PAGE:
Q/A: Chris Hegedus, Nick Doob, and D.A. Pennebaker

In 1993, The Independent ran a story about The War Room, directed by Chris Hegedus and D.A. Pennebaker. The film followed Bill Clinton’s 1992 election campaign from inside campaign headquarters. This year, Hegedus, along with Nick Doob, the cinematographer on The War Room, released Al Franken: God Spoke, an intimate portrait of Al Franken’s growing political persona, punctuated by the “Saturday Night Live” brand of humor he is most famous for. The film played to rave reviews at both the 2006 Full Frame Festival and Tribeca Film Festival, among others. Now, as The Independent looks back — as well as ahead—seems like the perfect time to get these three veteran filmmakers back on record. Here they discuss the evolution of political campaigning— from 1993 to now—as well as how the industry of independent documentary making, that they had such a huge hand in shaping, has changed.

Erica Berenstein: In the 1993 interview, The Independent’s then editor, Patricia Thomson, asked you what George Stephanopoulos and James Carville’s motives were in letting you into the Clinton war room with a camera. You said they ‘had an interest in the historical aspects of it…they understand what we mean by history…To be able to see what they are doing from some kind of distance, some kind of outside position.’

Chris Hegedus: I think that’s probably the same for Al Franken and why he let us into his life.
D.A. Pennebaker: What’s really interesting, and none of us have really dared to give a lot of thought to this, is how much did our pursuing him… how much did that count for what he finally did? I think that our being in the room focused James in a way that he wouldn’t have been focused if we hadn’t been making a film. But you don’t know. You like to think that you’re not even there, but the fact is you are there. And it isn’t you that’s there. It’s this process. They never saw the process as being a big film. They just saw us as making a home movie. Al, I think, maybe saw it a little differently.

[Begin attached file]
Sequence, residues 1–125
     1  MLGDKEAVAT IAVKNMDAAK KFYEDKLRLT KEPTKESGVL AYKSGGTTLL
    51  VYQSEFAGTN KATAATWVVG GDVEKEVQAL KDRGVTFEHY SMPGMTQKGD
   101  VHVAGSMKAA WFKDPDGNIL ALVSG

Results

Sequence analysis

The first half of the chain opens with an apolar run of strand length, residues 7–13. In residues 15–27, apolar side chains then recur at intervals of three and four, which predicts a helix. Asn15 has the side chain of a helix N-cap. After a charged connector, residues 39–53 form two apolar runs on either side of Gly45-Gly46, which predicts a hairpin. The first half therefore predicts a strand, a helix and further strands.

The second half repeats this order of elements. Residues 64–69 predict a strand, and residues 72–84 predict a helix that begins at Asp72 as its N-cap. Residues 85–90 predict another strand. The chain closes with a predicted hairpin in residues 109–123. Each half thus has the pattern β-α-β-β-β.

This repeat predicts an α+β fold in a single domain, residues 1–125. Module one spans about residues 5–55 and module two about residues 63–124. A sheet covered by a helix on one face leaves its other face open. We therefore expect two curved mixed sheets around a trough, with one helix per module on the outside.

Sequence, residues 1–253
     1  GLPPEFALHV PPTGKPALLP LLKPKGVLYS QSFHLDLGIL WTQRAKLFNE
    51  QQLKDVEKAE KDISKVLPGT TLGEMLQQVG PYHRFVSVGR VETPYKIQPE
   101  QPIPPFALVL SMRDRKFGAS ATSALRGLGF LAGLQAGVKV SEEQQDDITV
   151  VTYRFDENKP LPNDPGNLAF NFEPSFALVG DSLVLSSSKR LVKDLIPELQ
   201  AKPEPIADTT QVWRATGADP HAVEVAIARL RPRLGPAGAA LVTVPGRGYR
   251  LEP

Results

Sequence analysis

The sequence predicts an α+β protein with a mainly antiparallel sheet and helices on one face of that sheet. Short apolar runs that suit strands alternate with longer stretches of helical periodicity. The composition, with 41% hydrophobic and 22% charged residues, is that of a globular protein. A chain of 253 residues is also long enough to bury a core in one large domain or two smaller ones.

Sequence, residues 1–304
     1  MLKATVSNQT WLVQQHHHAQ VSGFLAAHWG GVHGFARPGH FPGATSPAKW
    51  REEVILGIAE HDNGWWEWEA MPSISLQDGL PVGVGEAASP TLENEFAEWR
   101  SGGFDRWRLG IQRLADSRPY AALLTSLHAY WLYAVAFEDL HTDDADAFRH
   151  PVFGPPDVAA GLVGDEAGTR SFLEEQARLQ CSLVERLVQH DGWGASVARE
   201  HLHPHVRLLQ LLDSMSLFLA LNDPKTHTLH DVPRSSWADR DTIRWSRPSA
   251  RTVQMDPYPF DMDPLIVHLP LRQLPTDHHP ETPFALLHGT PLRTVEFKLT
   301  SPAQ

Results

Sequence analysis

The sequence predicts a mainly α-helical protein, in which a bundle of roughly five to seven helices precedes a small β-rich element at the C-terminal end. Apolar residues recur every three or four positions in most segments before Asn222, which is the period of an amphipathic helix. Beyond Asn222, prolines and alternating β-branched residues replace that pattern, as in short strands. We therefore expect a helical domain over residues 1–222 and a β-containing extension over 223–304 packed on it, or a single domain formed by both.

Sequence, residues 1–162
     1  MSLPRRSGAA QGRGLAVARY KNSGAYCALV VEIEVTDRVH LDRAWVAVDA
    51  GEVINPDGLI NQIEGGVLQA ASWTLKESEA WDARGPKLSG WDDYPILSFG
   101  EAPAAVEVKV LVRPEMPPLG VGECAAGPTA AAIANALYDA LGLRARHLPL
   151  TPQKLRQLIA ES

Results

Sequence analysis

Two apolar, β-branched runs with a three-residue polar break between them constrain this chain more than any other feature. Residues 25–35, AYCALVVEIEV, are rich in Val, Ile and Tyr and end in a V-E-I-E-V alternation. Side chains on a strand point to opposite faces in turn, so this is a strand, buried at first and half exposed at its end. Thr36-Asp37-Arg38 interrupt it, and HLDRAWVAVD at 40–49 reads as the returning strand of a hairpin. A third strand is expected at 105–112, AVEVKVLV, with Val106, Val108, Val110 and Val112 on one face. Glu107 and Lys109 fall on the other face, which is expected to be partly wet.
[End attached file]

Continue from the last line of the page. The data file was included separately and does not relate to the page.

EB: How did you decide to do a film about Al Franken?
CH: He was going around doing these book tours, and he was getting hundreds of people, and something was really happening for him in a way that was never happening before with his other books. And people were incredibly hungry to hear his message. Al just seemed like he was at a point of change in his life, and those are the points that you decide to make a film about somebody.

EB: The place of documentary films in popular culture has really changed in the 13 years since The War Room came out. They’re part of popular culture much more than they used to be. Has what you expect from your films changed because of how the public reception of documentaries has changed?
DAP: You know it has changed, because tomorrow in Newark is the big election. And the guy in Street Fight is definitely going to win. And I think the film had an effect on that. It certainly got [Sharpe] James out of the race.
CH: [Street Fight] has a quote on the box that says, ‘the best film since The War Room.’
Nick Doob: The whole political atmosphere has changed since then. I mean, there was Whitewater and then there was the impeachment. The thing about all this stuff, “Crossfire” and Rush Limbaugh and all that, is that there is this sort of recklessness with facts. Al is not that way. To a fault, he’s very careful of the accuracy of what he talks about. He loses arguments because of that. He was a good sort of hero for our film. It seemed like the country was going to turn a corner. But it didn’t. But Al turned a corner.
DAP: And it may yet turn a corner.
NB: And it may yet turn a corner, that’s right. It feels like we’re in round two of the same thing.
DAP: The steam pressure is really rising.

EB: A friend recently said to me after watching Atom Egoyan’s new film Citadel at Hot Docs, ‘You can’t have a defined category called documentary. There is no such thing.’